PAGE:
I’m continually amused at how quickly the narrative changes.
I used to jokingly refer to the “narrative du jour.” Thanks to the combination of pandemic dynamics, the 24-hour news cycle and, relatedly, market participants’ Linus-like need for an explanation (we need to know “why”), the financial front page infallibly features a new narrative each morning, like those chalkboard signs you used to see in front of restaurants touting daily specials.
Vitol’s Chris Bake underscored how quickly things change. “[It’s] a different picture from the one that was there a month or six weeks ago,” he said Tuesday, of the energy market. “Demand has been good. Oil substitution is happening a lot as natural gas just runs and spirals pricing-wise.”
And so, whereas just “a month or six weeks ago” we were fretting ourselves to death over a “growth scare” and wringing our hands over the prospect of another collapse in demand tied to the Delta variant, now analysts are rushing to raise their targets as oil prices accelerate towards triple-digits.
Bake went on to suggest that OPEC+ might need ramp up production more than planned as consumers make the switch amid the natural gas shortage. The fraught nature of negotiations with Iran is bullish for crude too, he said.
“We’re over $80 a barrel this morning on a Brent basis and we look at the rig counts in the US and other parts of the world, they’re showing you that, hey, $80 a barrel is simply not enough,” Goldman’s Jeff Currie told Bloomberg Television. He also said we’re in “the first innings of a multiyear, potentially decade-long commodity supercycle.”
Again, I’d just note (wryly) that the “commodity supercycle” narrative is dead one day and ascendant the next. In a widely-cited note dated September 26, Currie and colleague Damien Courvalin raised their Brent target to $90. In the process, they captured this week’s narrative pretty succinctly, as follows:
Hurricane Ida has more than offset the ramp-up in OPEC+ production since July with non-OPEC+ non-shale production continuing to disappoint. On the demand side, low hospitalization rates confirm that vaccines are effective and are leading more countries to re-open, including to international travel and particularly COVID-averse countries in Asia. Winter demand risks are now further squarely skewed to the upside as the global gas shortage will increase oil-fired power generation.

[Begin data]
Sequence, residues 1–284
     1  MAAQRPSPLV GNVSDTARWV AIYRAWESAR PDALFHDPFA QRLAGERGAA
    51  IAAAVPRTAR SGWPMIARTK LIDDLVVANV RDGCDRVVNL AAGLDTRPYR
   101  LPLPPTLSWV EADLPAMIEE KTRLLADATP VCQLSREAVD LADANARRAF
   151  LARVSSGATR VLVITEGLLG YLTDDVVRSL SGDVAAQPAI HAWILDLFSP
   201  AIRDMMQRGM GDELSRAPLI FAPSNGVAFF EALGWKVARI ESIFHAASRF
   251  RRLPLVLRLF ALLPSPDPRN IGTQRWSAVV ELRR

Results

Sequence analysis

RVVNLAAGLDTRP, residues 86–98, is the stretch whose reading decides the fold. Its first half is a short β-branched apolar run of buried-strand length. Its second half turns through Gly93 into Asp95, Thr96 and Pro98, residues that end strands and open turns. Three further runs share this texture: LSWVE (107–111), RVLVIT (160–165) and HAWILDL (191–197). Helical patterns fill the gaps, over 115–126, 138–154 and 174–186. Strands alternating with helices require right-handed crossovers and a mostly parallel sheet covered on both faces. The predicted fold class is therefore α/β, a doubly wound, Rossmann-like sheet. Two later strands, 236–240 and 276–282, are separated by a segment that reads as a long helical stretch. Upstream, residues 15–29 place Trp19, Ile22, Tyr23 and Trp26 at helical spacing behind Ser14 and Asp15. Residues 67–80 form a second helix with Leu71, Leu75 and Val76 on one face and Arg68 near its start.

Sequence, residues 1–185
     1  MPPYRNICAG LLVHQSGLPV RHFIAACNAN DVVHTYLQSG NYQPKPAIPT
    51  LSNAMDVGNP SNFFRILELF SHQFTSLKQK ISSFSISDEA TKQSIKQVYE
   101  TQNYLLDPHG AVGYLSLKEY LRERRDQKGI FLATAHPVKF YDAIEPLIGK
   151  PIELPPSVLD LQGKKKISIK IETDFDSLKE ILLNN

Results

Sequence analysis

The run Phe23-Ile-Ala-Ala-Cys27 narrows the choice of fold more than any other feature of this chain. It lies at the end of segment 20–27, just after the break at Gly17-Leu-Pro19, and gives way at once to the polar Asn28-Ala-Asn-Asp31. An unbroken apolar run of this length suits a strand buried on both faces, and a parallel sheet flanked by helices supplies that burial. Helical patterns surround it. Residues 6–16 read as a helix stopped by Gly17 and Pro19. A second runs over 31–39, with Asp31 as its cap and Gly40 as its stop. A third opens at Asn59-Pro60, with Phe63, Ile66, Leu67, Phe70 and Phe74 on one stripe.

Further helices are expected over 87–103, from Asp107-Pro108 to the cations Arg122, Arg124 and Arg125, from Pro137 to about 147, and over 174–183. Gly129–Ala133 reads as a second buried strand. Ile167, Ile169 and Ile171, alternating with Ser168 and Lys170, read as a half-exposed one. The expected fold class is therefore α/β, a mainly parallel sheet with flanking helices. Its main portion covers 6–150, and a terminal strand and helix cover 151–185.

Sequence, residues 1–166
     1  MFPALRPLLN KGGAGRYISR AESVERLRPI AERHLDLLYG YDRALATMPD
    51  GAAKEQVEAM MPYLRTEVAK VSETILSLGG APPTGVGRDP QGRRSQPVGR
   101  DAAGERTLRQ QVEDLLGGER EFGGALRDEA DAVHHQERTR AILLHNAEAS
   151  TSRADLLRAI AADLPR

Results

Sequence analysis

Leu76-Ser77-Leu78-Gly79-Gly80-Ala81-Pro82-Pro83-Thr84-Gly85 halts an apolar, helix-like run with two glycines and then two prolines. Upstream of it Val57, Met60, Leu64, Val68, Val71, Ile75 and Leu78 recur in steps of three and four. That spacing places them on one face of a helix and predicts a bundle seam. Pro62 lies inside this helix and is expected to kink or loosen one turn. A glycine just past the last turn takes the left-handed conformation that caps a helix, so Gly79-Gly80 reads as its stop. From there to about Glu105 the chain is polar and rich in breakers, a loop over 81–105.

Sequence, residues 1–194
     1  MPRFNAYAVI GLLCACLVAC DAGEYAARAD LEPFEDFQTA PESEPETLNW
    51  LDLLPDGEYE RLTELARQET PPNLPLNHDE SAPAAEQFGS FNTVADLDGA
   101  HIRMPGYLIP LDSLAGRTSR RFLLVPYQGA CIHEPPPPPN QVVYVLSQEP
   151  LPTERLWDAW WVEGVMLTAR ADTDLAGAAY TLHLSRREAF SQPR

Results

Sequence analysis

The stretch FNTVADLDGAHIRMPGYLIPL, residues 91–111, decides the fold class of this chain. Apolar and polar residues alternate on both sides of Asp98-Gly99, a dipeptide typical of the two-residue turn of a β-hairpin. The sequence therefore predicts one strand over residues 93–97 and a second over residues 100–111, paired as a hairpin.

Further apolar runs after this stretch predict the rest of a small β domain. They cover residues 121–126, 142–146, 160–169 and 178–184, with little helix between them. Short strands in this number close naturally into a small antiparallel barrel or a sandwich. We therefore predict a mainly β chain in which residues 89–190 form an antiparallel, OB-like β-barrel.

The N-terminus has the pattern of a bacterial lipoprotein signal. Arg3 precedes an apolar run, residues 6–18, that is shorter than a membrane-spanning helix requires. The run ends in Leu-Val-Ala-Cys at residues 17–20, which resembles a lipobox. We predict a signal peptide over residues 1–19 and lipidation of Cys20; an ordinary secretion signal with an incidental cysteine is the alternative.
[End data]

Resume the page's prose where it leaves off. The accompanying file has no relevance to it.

In a Tuesday note, BMO’s Ian Lyngen and Ben Jeffery described a similarly favorable trend in the COVID trajectory. “Case counts continue to drift lower and expectations of the return to what awaits in the new normal for the US economy are quickly mounting,” they wrote, adding that “the reversal of the trend in coronavirus cases in the absence of an entirely new vaccination program or a repeat of the restrictions seen during 2020 is particularly encouraging to the outlook for the recovery as it reinforces the notion that forward progress continues out of the pandemic.”
Progress, yes. And maybe even “substantial forward progress.” Still, the US is nowhere near out of the woods. The seven-day average for new cases is still above 100,000 (figure below).
Meanwhile, as the booster debate continues, the pace of vaccinations is the lowest since tracking began in January. And no, it’s not because the US is running out of people to vaccinate. Just 55.4% of the population is vaccinated, despite readily available access (for free) to the best vaccines on the planet.
People in emerging and frontier economies would kill for the Moderna and Pfizer vaccines (figuratively, but maybe literally too). In America, the government can’t even give them away to some recalcitrant citizens.
In any event, the good news is, “the back-to-school season hasn’t triggered a wave larger than that seen at the height of the outbreak,” BMO’s Lyngen went on to write, calling that “yet another reason for the macro optimism that has led to the bear steepening in the Treasury market.”
And also yet another reason for analysts to recalibrate expectations for crude demand, apparently. Goldman this week said crude is moving “from a cyclical to a structural bull market.”
“Where could we be wrong?”, Currie and Courvalin asked themselves. “We see the greatest risk on the timeline of our bullish view,” they said. “On the demand side, it would obviously [be] a potentially new variant that renders vaccines ineffective.”